Yes, it's that time again - time to conduct another deconstruction of the latest study on e-cig health effects.
For those of you who like reading the actual studies instead of just taking my word for it (which I highly recommend, by the way) you can obtain it here:
This one was fairly cool.
Materials and methods:
1. They grew some human tracheobronchial epithelium tissue (the stuff lining your windpipe and bronchial tubes) from the cells of a healthy young never-smoker.
Now that's cool.
2. They exposed some of the tissue samples to known airway irritants (Butyl methacrylate, heptanal, heptyl butyrate, and methyl stearate if you must know) so they had a baseline irritation scale to reference.
3. They obtained some fairly average stinkies and two cig-a-likes: "bold" at 4.5% nic and "menthol" at 3% nic.
4. They used a Vitrocell VC01 Smoking Robot to smoke the stinkies and the cig-a-likes.
A smoking robot?
OK, it actually doesn't look as cool as it sounds.
5. The smoke and vapour were sucked onto the grown human airway cells which were then examined in comparison to some control cells which were left alone.
They also sucked way more vapour onto the cells than tobacco smoke, for what I could understand was a really good sciency reason.
What they found:
1. Exposure to cigarette smoke.
Spoiler alert: it wasn't good. The cells basically shut down for like six hours. In the researcher's own words, they experienced "near-complete cell death". You can see in the photo above that the tobacco smoke even degraded the substrate the cells were grown on. Ew!
2. Exposure to e-cig vapour.
Surprise! The cells didn't react at all. In fact, they showed no difference from the untreated cells. This was even in spite of the fact they bombarded them with way more vapour than an actual human would be capable of inhaling, just to make extra sure!
What they said at the end:
Apart from the usual "more research is needed..." disclaimer, the end result seemed to be that...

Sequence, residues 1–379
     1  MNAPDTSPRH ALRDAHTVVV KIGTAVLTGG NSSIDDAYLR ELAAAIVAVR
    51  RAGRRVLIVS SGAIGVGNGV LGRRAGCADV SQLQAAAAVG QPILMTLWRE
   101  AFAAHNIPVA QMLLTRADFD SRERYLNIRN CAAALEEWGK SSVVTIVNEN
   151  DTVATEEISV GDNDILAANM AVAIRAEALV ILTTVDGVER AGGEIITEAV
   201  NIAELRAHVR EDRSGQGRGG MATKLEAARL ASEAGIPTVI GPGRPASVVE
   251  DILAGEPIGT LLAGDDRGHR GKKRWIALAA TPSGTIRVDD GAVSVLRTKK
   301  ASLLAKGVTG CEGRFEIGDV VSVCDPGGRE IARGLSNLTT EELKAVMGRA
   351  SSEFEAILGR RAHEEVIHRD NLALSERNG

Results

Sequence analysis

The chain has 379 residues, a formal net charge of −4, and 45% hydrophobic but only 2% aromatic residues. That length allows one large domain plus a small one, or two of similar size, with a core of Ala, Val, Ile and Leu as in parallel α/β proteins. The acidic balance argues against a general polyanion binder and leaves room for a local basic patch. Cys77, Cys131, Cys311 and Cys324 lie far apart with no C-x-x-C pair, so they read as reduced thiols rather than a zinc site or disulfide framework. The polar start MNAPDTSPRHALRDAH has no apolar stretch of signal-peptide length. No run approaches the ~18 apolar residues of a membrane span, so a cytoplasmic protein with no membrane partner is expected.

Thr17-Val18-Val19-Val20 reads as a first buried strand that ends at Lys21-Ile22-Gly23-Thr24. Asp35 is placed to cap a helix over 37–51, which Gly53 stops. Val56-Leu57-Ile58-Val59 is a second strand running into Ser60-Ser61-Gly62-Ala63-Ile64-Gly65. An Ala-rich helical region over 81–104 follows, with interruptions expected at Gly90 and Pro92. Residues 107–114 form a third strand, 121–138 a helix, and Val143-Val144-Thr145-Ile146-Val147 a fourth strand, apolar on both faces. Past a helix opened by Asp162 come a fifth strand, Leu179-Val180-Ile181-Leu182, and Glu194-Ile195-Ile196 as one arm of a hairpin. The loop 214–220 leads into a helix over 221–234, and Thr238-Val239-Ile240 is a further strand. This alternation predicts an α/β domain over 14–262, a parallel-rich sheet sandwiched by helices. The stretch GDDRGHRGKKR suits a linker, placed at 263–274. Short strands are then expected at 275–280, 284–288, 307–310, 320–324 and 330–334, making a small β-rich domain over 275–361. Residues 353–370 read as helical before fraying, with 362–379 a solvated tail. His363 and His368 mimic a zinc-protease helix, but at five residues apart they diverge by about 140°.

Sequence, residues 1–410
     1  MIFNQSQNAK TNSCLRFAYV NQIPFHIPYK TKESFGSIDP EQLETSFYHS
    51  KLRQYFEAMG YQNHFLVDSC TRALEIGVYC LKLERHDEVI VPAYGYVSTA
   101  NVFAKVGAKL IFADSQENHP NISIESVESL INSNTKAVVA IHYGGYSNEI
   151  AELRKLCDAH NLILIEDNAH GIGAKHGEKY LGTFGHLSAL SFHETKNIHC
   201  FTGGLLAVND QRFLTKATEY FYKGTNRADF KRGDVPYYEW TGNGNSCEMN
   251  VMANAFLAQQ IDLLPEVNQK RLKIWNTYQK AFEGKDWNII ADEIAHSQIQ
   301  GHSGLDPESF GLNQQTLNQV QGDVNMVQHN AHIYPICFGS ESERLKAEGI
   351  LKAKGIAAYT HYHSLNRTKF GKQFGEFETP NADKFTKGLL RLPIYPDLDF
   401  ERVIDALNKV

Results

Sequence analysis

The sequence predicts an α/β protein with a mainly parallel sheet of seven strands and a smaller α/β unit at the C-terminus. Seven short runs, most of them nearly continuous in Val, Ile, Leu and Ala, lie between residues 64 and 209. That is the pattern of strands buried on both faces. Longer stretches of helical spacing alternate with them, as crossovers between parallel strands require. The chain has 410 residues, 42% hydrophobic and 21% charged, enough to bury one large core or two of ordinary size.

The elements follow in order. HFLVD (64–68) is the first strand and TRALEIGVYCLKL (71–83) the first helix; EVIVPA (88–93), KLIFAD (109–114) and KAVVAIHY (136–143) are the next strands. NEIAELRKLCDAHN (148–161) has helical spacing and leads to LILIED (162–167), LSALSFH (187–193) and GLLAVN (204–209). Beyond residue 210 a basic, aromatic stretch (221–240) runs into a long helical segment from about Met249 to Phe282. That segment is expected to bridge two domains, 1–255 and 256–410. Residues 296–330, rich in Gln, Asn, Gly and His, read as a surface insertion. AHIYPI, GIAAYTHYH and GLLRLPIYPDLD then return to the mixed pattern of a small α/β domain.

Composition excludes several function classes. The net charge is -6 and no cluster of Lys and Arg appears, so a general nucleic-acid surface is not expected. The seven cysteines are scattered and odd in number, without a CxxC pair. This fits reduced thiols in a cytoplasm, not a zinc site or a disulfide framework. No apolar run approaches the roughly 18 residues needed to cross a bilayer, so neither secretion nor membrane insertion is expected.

E-cigarette aerosol has the same effect on human airway tissue as air.
As air. Fresh air from God's green earth.
Or... blue, maybe
What this means for you:
If you were worried about the effect e-cig aerosol might have been having on your lungs and windpipe, you can probably rest a little easier.
If your friends or family are worried about it, you can explain that the evidence is growing that e-cigs are nowhere near as bad as people say they are.
It seems that the e-cig debate rages on, and the players are playing hard. But the evidence pile is growing, and those of us prone to panicking about our right to vape may not have so much to worry about after all.
A small caveat
In case you were wondering, yes this research was conducted by six scientists, three of whom work for the Mattek Corporation, a tissue engineering company, and three of whom work for British American Tobacco.
BUT - before we cry "biased!", we need to look at the methodology. Just because scientists employed by "big tobacco" come up with a result that favours e-cigs doesn't mean the result is automatically biased.
The methodology in this study was good. They grew the cells from a real life human volunteer, they used a control sample, they even exposed some other tissue samples to known irritants so they had a baseline to work from. Therefore regardless of the affiliations of half the researchers, we can be reasonably confident that this is good evidence.
Plus, one of the BAT scientists was David Thorne. That has to count for something ;-)